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Title 
Author 
Date 
3 Doors (the Monty Hall show) 
Perakh, Mark 
Nov 02, 2002

Dear Nesa Simon David: Thanks for your letter wherein you doubt the assertion made in my article on probabilities regarding the well known Monty Hall game. If it is a consolation to you, you are not alone as many people before you, including some well qualified mathematicians, had difficulty in figuring out the correct solution. The problem, though, has been solved beyond doubt and I gave the correct answer in my article. What is odd in your message is that you don’t believe your own data obtained by means of a computer simulation of the game in question. You have obtained precisely the results predicted by my explanation – in about 2/3 of games the change of the original choice led to winning while only in about 1/3 of games the preservation of the original choice led to winning. Your attempt to explain away this result by referring to the difference between prior and posterior probabilities is obviously contrived ad hoc and invalid. In this case Bayesian approach is irrelevant while a frequentist one is fully justified. Btw, a simulation with a much larger number of iterations was conducted by a group of mathematicians and computer experts at the IBM Research center and resulted in exactly the same result – 2/3 wins if the choice is changed and 1/3 if it is not changed. You wrote that you don’t understand why you got such a result. If, though, you wish to follow the facts, try to erase from your mind all preconceived notions and listen to explanation. I know of at least four different ways to explain the result. In my article I offered my own explanation which, in my view, is the simplest, but there are other explanations as well. I’ll repeat here my explanation once again. In the first step of the game you have a choice among three doors of which one is winning and two are losing. Obviously the probability of choosing a winning door is 1/3 and of choosing a losing door is 2/3. Hence, if the game is repeated many times, in about 2/3 of games the door chosen on the first step will be a losing one, and in 1/3 of all games it will be the winning door chosen. Now at the second step there are two possible situations, to wit: either the originally chosen door is the winning one (the probability of that is 1/3) or it is a losing one (with the probability of 2/3).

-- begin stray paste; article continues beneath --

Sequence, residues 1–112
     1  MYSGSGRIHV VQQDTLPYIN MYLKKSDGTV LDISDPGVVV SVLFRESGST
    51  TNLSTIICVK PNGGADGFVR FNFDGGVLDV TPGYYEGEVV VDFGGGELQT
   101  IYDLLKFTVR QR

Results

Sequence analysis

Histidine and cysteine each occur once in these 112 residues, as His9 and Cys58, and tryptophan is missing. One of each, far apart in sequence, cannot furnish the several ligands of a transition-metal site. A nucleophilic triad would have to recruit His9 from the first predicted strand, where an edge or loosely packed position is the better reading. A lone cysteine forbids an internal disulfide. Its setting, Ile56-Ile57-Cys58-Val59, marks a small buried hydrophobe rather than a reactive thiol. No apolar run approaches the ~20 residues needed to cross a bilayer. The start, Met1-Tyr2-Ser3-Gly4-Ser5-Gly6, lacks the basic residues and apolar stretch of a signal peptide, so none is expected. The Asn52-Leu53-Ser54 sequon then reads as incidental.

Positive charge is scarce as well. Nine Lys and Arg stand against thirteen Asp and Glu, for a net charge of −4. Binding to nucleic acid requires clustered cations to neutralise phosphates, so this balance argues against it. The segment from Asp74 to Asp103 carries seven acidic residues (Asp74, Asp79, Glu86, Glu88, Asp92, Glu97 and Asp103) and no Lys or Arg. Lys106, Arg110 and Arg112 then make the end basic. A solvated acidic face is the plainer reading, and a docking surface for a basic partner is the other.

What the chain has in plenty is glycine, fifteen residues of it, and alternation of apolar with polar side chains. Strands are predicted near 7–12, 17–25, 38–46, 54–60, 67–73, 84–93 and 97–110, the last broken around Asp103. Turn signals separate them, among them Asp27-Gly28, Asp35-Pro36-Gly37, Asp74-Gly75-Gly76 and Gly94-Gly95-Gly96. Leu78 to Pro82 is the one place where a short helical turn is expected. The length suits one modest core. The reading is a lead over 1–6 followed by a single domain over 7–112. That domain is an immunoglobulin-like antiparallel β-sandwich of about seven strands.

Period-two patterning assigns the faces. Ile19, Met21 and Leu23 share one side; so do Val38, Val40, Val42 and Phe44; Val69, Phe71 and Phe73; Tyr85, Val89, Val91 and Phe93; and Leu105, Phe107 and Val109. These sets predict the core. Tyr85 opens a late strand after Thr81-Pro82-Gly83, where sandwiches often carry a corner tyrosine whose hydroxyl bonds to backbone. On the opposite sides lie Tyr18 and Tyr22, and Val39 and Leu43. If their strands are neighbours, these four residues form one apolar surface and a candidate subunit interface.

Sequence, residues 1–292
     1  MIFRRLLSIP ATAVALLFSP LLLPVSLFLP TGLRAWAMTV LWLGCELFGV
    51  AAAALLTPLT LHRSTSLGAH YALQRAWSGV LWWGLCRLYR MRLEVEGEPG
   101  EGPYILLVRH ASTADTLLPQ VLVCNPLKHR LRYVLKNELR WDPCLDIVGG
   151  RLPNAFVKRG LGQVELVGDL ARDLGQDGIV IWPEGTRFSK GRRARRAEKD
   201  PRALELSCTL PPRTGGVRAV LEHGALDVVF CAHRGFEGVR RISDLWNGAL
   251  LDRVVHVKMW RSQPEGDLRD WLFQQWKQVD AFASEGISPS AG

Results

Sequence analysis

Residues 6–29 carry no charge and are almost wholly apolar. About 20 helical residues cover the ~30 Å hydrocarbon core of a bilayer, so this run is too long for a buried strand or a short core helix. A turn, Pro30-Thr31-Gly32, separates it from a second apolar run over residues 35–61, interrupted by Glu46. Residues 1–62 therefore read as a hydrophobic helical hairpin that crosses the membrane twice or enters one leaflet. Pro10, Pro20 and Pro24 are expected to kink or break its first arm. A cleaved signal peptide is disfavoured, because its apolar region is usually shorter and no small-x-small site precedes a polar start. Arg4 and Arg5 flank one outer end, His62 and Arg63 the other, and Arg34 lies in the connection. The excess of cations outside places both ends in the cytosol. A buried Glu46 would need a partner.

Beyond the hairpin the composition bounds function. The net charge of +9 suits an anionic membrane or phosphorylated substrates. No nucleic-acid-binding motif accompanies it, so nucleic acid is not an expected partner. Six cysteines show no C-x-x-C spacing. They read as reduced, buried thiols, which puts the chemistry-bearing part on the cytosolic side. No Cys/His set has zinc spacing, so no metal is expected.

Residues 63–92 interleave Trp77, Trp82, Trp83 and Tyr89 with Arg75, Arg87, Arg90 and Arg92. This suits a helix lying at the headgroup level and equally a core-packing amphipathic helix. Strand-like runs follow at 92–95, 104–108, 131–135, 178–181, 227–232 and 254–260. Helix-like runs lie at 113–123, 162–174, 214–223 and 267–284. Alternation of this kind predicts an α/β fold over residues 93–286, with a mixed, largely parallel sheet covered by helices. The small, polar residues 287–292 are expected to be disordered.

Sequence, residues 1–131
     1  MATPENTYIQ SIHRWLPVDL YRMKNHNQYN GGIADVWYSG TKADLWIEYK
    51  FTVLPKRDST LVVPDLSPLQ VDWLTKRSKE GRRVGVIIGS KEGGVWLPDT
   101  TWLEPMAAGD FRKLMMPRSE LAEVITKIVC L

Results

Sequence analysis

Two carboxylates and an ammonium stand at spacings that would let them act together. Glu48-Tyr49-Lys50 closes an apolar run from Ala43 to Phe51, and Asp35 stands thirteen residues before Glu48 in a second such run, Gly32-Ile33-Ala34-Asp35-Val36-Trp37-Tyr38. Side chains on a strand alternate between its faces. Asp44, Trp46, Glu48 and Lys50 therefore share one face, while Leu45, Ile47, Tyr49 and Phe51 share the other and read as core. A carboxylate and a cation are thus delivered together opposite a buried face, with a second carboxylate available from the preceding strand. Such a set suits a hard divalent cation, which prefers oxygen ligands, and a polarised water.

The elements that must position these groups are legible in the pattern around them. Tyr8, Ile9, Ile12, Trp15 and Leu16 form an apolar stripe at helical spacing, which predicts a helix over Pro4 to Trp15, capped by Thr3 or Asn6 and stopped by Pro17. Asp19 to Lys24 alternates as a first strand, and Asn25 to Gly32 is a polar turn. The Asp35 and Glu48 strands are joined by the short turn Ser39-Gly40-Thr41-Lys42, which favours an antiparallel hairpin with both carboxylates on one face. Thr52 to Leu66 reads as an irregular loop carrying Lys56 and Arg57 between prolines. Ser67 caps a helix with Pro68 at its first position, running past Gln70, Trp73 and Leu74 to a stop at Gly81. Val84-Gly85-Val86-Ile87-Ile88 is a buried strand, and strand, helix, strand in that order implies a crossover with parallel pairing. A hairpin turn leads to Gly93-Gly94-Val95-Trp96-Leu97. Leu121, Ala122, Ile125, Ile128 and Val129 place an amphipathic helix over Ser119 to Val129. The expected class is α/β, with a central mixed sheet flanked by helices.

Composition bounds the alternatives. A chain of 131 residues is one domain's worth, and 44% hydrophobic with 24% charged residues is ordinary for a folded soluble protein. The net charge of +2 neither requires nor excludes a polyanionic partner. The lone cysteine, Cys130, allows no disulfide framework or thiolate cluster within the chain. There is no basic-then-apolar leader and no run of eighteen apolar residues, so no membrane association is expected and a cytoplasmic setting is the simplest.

Take a deep breath. If at the first step you have chosen the winning door (the probability is 1/3) then to win you have to keep your choice (which happens in 1/3 of games). If, though, at the first step you happened to choose the losing door (probability 2/3) to win you need to change your choice (and this happen in 2/3 of games). Hence, in terms of probabilities, changing the choice doubles the probability of winning, QED.
I hope this will clarify for you the problem although you will have to figure out yourself where you went astray in your thinking (relying on a gut feeling you refer to is not always the best way to understand the problem).
Best Wishes

Related Articles: 
Improbable Probabilities

Title 
Author 
Date 
3 Doors (the Monty Hall show) 
Simon David, Nesa 
Nov 06, 2002

Hi Mark, thanks for replying...
I still had doubts, so i ran 2 more simulations... one where first choice was always kept.. and the other simulation where the choice was always changed. In the first simulation, the chance of winning was just 33% approx, and in the second simulation, the chance of winning was 66% approx. So i guess you're right... the data has spoken..
After that i've been thinking about the problem, and now understand why it is so... it's MUCH easier to understand this problem, if instead of 3 doors, we extrapolate and use say... 10 doors. (Participant first chooses a door, then the compere opens 8 doors.... the remaining door is almost sure to be the winning door, therefore participant has almost 100% chance of winning if the first choice is changed.) This 10 door game better helps to understand the odds involved in this type of game. If you use this example, i'm sure ppl who doubt will see why the game works the way it does...
Thanks & best regards... :)
Simon David

Related Articles: 
Improbable Probabilities

Title 
Author 
Date 
3 Doors (the Monty Hall show) 
Perakh, Mark 
Nov 06, 2002

Hi, Simon David. Thanks for your message. I am glad that you have figured
it
out. Of course, there is also a rigorous mathematical way to prove it, but
since my article was written for a general audience, I did not use it. Here
is a brief rendition of a formal proof. Denote the doors A, B, and C. P(X)
is probability of X being the winning door. Obviously P(A)=P(B)=P(C)=1/3 and
P(A)+P(B)+P(C)=1. Assume A was chosen. Then P(A)=1/3 and
P(~A)=P(B)+P(C)=2/3; Assume B is opened and found empty. Now P(B)=0, hence
P(A)+P(C)=1. Since P(A)=1/3, P(C)=2/3. QED. Instead of 3, any number N of
doors can be used, all of the above remains valid by replacing 3 with N, so
changing the choice increases probability of winning (N1) times. Cheers,
Mark
Best wishes, Mark

Related Articles: 
Improbable Probabilities